Father of injured hockey player recommends recording games - New York News

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Father of injured hockey player recommends recording games

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ST. LOUIS PARK, Minn. (KMSP) -

Minnesota may be the state of hockey, but the number of serious injuries among young players is raising some serious concerns. Now, one father whose daughter may never play again has a recommendation.

Many efforts are already underway to try to prevent concussions and spinal injuries, but after his 15-year-old daughter suffered a season ending injury, John Basill says more must be done -- and he thinks taping all games could help find better solutions.

There are no shortage of cameras at the rinks, but he says official recordings could help enforce rules better and teach safe game-play.

"I remember getting hit -- and then not much after that," Alena Basill told FOX 9 News.

She's been skating and playing hockey for as long as she can remember, but two weeks after being knocked unconscious, Alena Basill still can't remember what she did that morning.

"My head hurts. Sometimes I get dizzy, feel like I'm going to throw up," she said. "I haven't thrown up, but my head just hurts all the time."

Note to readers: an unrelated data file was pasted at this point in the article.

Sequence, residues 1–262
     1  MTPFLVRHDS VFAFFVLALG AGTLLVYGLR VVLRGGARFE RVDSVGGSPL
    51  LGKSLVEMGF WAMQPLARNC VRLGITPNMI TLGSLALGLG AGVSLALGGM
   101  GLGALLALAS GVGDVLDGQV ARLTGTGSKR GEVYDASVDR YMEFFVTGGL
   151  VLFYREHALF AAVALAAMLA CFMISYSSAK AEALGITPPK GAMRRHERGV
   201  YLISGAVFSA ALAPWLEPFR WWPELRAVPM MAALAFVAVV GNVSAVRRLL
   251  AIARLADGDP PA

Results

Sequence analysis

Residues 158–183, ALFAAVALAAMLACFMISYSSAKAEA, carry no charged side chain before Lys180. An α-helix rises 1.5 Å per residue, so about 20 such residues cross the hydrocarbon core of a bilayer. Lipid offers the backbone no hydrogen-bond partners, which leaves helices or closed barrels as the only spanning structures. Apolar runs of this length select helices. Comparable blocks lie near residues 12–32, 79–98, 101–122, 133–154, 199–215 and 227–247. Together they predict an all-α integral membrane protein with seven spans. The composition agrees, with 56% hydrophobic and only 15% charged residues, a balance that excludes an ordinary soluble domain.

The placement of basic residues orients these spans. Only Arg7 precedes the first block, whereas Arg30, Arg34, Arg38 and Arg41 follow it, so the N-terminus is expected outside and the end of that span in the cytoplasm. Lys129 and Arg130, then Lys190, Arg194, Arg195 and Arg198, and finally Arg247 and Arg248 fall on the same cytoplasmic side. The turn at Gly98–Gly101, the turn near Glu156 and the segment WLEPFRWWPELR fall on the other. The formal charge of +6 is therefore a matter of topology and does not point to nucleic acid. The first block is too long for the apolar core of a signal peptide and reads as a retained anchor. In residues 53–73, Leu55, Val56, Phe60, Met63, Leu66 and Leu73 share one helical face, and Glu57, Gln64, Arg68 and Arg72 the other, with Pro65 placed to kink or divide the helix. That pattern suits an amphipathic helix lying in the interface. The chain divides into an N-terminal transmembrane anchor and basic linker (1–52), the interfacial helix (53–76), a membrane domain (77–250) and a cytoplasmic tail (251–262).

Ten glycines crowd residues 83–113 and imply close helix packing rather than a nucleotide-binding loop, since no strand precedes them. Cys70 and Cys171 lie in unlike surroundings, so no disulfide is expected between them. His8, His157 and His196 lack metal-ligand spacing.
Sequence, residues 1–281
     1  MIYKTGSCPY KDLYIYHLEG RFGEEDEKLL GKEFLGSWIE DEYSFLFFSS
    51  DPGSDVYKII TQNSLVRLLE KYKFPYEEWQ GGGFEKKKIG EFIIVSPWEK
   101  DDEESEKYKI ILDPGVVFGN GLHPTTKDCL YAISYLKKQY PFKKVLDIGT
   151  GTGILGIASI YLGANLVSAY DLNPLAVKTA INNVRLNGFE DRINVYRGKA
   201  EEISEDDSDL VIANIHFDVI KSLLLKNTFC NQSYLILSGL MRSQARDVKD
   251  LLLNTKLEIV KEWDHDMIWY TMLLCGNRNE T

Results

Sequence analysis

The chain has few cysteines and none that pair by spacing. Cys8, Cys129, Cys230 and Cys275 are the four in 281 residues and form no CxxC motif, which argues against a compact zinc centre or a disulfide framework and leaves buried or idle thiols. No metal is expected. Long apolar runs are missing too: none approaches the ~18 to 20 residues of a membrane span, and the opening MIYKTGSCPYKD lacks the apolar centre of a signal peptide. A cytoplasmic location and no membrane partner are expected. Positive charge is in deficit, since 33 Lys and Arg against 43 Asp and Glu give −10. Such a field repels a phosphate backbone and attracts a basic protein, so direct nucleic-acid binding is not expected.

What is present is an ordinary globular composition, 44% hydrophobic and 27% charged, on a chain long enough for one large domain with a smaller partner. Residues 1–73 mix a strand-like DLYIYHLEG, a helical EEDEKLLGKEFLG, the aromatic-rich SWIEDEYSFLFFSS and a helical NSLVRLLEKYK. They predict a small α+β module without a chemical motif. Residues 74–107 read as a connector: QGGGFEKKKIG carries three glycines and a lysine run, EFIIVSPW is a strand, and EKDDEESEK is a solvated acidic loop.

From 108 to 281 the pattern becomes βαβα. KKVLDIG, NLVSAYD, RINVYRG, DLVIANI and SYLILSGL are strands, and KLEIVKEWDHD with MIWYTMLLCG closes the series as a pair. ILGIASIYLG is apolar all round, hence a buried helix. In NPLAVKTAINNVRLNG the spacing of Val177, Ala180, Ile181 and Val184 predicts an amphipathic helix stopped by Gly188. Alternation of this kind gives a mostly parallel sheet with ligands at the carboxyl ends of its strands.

The freshman varsity player at St. Louis Park High School was chasing the puck across the opposing blue line on open ice when she connected with a player from the other team.

Checking is not allowed in girls hockey, but that doesn't mean there's no contact. Witnesses say the hit lifted Alena Basill inches off the ice, but it's hard to say whether the impact caused her head trauma or falling to the ice did.

John Basill said though he hoped she wasn't hurt too badly when she went down, her initial reaction told him his daughter was seriously injured. She was rushed to HCMC and spent a day and a half in the trauma center.

The head injury she suffered was so serious that she's only able to attend school part time, and doctors say she may never be able to play the game she loves again. That thought alone was enough to bring the teen to tears.

"I just love the game," Alena Basill said.

The Basill family hopes no other athlete has to go through a similar experience, and that's why they're advocating that games be recorded going forward.

"It could help, not only make that things are done within the rules of the game, but it also could make sure you could make the best medical recovery and get the best advice possible," John Basill said.

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